The Uber-style pricing model has gained traction over the past year.
The Uber era has marked several shifts in culture, from the proliferation of AUX cord literacy to a decreased willingness to ride public transit at 3 a.m. even when it's quicker. The San Francisco start-up's business model, in particular, has spread far beyond the realm of the service economy and transportation. Take surge pricing. Restaurants have begun experimenting with the payment system, which is used by companies like Uber and Lyft to charge riders more during busier times of the day and less when the roads are clearer.
In early 2018, the buzzy London restaurant Bob Bob Ricard announced it would begin experimenting with a similar model, which was really just a glorified early bird special—25% lower prices during off-peak seatings (like Monday lunch) and 15% off "mid-peak" seatings (dinner on Tuesdays and Sundays, for example.)
And yet, the notion of paying a premium price for premium time slots continues to cause concern among diners who are worried this will become the norm. (Last year, the Bob Bob Ricard announcement was picked up by news outlets around the world.) And an informal survey of my fellow staffers resulted in a resounding response of: "We don't like this one bit."
Here's what you need to know.
Is surge pricing really new?
As Bob Bob Ricard owner and founder Leonid Shutov pointed out to Bloomberg, timing-dependent price-tweaking has been standard practice across many industries for years. “The idea just came from looking at how the rest of the world functions,” he said. “Airlines wouldn’t be able to exist, the business model wouldn’t work unless you could balance supply and demand. Everything that we have taken that is widely accepted in the modern economy and applied to restaurants, seems to have worked.”
Much commotion was made about Shutov's announcement as the notion gained steam throughout 2018. At Bloomberg’s The Year Ahead: Luxury conference in November, Alinea Group co-founder Nick Kokonas predicted it as a major trend for 2019.
"I’m a big advocate for dynamic pricing,” Kokonas said during the panel, which was moderated by Kate Krader. He suggested that meal prices should vary depending on the amount of reservations logged into the system.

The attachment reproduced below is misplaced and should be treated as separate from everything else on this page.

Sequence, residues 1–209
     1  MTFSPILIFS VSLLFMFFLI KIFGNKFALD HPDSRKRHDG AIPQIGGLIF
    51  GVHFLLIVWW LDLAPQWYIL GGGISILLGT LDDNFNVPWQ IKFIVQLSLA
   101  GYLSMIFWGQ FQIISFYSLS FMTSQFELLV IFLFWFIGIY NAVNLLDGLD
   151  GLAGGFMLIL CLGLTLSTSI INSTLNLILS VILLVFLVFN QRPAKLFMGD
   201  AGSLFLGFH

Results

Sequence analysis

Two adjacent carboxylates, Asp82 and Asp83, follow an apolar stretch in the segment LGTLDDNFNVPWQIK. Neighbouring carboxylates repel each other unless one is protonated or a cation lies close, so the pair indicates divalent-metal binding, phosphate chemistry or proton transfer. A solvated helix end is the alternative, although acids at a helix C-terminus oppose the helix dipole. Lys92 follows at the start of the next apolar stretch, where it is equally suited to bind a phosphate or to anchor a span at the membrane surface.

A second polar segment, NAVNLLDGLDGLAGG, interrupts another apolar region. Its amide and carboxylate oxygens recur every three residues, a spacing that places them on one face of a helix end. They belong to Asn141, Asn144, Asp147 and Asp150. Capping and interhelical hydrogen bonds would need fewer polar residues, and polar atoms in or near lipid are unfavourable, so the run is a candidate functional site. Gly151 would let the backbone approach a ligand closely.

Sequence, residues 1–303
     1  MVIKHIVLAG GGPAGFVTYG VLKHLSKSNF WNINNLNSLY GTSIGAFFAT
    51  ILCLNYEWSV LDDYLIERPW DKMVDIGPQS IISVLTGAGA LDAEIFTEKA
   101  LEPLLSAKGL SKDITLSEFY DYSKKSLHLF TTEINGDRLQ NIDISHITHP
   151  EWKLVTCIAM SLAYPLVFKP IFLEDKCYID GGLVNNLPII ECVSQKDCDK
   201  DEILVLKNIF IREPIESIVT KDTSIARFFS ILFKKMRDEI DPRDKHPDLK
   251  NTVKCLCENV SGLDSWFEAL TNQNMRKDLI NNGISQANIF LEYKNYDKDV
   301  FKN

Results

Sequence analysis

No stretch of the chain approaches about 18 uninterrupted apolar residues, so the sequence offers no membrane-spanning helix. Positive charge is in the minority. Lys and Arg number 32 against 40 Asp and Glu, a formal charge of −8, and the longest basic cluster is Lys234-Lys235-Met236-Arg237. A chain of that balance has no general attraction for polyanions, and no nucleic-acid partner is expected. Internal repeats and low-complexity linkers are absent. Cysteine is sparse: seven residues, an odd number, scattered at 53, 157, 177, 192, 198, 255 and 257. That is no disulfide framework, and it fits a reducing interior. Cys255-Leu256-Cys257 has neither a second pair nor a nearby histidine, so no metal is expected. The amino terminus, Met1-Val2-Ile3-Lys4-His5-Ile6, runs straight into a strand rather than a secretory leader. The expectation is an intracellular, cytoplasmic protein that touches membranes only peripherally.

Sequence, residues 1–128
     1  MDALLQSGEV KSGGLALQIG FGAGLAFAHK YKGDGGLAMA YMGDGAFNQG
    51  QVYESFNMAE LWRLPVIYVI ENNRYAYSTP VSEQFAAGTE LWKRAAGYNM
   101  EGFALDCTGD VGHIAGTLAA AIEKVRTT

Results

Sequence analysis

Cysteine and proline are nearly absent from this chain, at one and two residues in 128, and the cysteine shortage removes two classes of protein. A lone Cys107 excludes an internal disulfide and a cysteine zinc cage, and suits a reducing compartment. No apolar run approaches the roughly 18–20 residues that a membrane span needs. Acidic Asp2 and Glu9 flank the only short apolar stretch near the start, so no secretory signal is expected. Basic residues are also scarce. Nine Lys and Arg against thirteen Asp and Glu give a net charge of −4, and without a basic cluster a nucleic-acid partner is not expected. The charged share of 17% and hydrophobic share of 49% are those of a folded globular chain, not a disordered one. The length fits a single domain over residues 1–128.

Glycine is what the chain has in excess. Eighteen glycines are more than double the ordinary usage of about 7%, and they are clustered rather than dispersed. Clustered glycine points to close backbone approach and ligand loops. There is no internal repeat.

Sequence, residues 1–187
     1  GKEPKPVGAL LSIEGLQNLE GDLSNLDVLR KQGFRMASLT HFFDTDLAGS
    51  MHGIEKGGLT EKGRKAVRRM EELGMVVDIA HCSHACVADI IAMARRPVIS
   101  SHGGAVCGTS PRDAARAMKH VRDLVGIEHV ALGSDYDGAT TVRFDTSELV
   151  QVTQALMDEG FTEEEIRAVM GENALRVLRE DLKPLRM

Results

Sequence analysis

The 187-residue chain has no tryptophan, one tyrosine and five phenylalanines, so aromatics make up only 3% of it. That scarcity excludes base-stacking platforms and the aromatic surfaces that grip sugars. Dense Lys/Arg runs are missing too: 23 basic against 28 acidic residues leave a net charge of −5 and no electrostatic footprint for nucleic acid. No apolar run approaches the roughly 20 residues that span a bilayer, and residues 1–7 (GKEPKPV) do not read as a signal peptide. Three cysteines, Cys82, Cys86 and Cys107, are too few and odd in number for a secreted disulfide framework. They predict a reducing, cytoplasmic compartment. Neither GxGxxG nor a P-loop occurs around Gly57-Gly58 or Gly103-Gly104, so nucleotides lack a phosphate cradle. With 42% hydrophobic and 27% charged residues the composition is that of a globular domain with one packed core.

The idea of restaurant surge pricing has been around as early as 2015, the year that OpenTable discovered that people weren't opposed to paying more for certain reservations.
“When research revealed that many OpenTable diners are willing to pay for last-minute, prime-time reservations at popular restaurants, we launched into exploration,” wrote Vannie Shu, who lead global product marketing for consumer platforms at the company, per GeekWire.
Nonetheless, the notion is polarizing. "It makes sense, but I am just not the target audience," one woman told me. "Rich people probably would absolutey do this."
Is this really the future?
Well, it's not going away. As the Houston Chronicle's Chris Tomlinson noted on Monday, "computerized reservation systems allow airlines, hotels and the Houston Astros to raise or lower prices as demand changes." Tock, the online reservation site founded by Kokonas that's already been adopted by many of the world's top restaurants, makes these adjustments easy for restaurants to implement. By selling restaurant reservations as tickets, owners can reasonably sell higher-priced options at more coveted time slots.
"Once consumers become accustomed to buying tickets for restaurants, surge pricing is the next logical step," wrote Tomlinson, later adding, "In the not too distant future, restaurateurs will also gather enough data to customize a meal at a price point that suits their customer."